I’m sitting in my office this morning. <Coffee. Mom bun. Yoga Pants. More Coffee.> And I’m going through photos of hundreds of neat little boys who are waiting for forever families. Precious, special, sweet and full of potential little guys. Waiting. As I looked at the sheer number of boy profiles I began to create my own statistics. With a need to explore what the numbers on this subject really were I checked the Homeland Security Data to find out that 64 percent of International Adoptees are girls. While comparing 36% to 64% doesn’t seem huge on a small scale, when that number represents thousands it becomes quite apparent that there seems to be a preference to adopt females.

However, we must take into account that for years upon years overseas adoptions were largely from China. China has historically offered adoption files for female children, this would of course drastically affect the male to female ratio in international adoptions. In recent years there has been quite a shift. There are now many, many young boys waiting and ready to enter families. My friends are often shocked when I explain that China is no longer a “girls only” adoption program. In addition, there does seem to be an underlying feeling among some potential adoptive parents that a female child might be safer, calmer, easier to handle. This is unfortunately a stigma that may cause some parents to choose to pursue a female child rather than being open to both. The simple fact is… male or female, toddler or teenager, international or domestic… adoption is hard. Adoption is beautiful, but adoption is difficult. Bringing your child into an unfamiliar world, teaching them about family and loving through trauma is a worth-it process that takes time. Gender doesn’t change that.

So. These boys. These amazing, worth-it children of God. They deserve big things. They deserve families that will fight for them. In fact, I want to share about a few really cool guys I’ve been getting to know through Storyteller teams.


Shaefer is a sweet little boy in an America World Adoption orphanage partnership. He has been diagnosed with cerebral palsy. His file notes high muscular tension of both upper limbs. He received surgery for partial stripping of the left carotid artery on Oct 24 2012 and recovered well. He is receiving rehabilitation. His caretakers describe him as active, ready to smile, and outgoing!

Shaefer is from an orphanage partnership and his file is designated by the CCCWA as a special focus file, so a family at any stage of the process is eligible to review this file. Email china@awaa.org to learn more.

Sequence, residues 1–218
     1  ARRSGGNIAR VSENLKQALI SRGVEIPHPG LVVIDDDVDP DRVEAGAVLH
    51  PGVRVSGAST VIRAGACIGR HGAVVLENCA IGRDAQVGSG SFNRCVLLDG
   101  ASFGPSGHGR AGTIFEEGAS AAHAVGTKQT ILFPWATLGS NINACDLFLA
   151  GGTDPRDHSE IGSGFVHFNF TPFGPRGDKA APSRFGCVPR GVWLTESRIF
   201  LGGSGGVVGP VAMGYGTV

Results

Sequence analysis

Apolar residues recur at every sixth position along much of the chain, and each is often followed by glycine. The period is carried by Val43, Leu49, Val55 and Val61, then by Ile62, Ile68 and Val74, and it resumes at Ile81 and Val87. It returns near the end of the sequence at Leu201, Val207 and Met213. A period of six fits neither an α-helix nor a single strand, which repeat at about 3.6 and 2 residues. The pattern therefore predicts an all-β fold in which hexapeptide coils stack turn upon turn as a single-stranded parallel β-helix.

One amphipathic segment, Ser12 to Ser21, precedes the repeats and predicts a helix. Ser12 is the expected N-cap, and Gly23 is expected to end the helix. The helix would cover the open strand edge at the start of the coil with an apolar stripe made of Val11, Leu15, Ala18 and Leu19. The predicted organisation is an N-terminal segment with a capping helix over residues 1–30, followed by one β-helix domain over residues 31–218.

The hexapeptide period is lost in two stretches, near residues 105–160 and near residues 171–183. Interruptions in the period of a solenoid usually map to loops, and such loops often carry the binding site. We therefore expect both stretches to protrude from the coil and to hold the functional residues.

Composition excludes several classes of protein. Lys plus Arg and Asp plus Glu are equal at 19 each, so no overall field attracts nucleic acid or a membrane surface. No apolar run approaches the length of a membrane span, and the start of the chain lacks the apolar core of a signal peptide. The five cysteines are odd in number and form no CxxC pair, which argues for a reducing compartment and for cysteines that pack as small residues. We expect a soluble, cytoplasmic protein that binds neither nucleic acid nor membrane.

Meet Jacob. He is 1 year and 9 months old.

Jacob is a sweet baby boy who has been diagnosed with Down Syndrome. He is energetic, likes watching cartoons, and likes looking at picture books! He lives with foster parents and has been receiving good care since coming to the orphanage.

Jacob is from an orphanage partnership and lives in a foster family. His file is designated by the CCCWA as Special Focus and a family just considering adoption or at any stage of the process is eligible to review his file.  Email china@awaa.org to learn more.


And now. Meet 3 year old Joshua. For reasons you can understand, our daughter has a similar condition, this guy is pretty special to me.

Joshua is a sweet and quiet boy. His caretaker reports that he loves to cuddle and play. Joshua was born with binocular corneal leucoma (whitening of corneas), which has caused him to lose sight in both of his eyes; however, because the reason for his leucoma is unknown, it is also unknown until he is further evaluated by doctors if his condition can be treated to some level. At one and a half, he could crawl, respond when others asked for him to share his toys, and look for sources of sound. He is very sensitive to sounds and knows how to locate where sounds are coming from.

He is designated by the CCCWA as a special focus file and is from one of our agency’s orphanage partnerships. His file is now a shared file. A family at any stage of the process is eligible to review this file. A grant is available to the family pursuing Joshua’s adoption.  Email china@awaa.org to learn more.


Please help me as I continue to advocate for these cuties and many more amazing kids. Share this blog post, write your own blog post, Be part of their stories.




» Fundraising with a Fun Run

We frequently receive e-mails from friends connecting us with other families starting the adoption process. Each time, the first question we are asked the BIG F question: How did you fundraise??? If you’re anything like the rest of us, raising money is not something you find joy in. Unfortunately, adoption expenses can add up pretty quickly. Just like many other families, we’ve done everything; t-shirts, yard sales, auctions, bake sales, you name it.

A few months before our travel date to China, we wanted to do a final push to raise money for the upcoming expenses. We put our heads together with another family (also in the adoption process) to figure out what we could do. We were tired of yard sales (who wouldn’t be? It felt like we had already done 20) and t-shirts became less and less compelling as more people were doing them.

After about an hour, we came up with the idea of doing a 5K run. This was in 2013, so the Color Run was becoming established and at the cusp of becoming wildly popular. There were also a lot of spin-off themes that we didn’t want to compete with. We wanted to attract and encourage whole families to participate so we decided to do a superhero theme. People told us what a great time they had and we felt like we provided a great family experience in return for supporting us financially. And seriously, I still love our graphic.

Screen Shot 2016-02-25 at 3.28.27 PM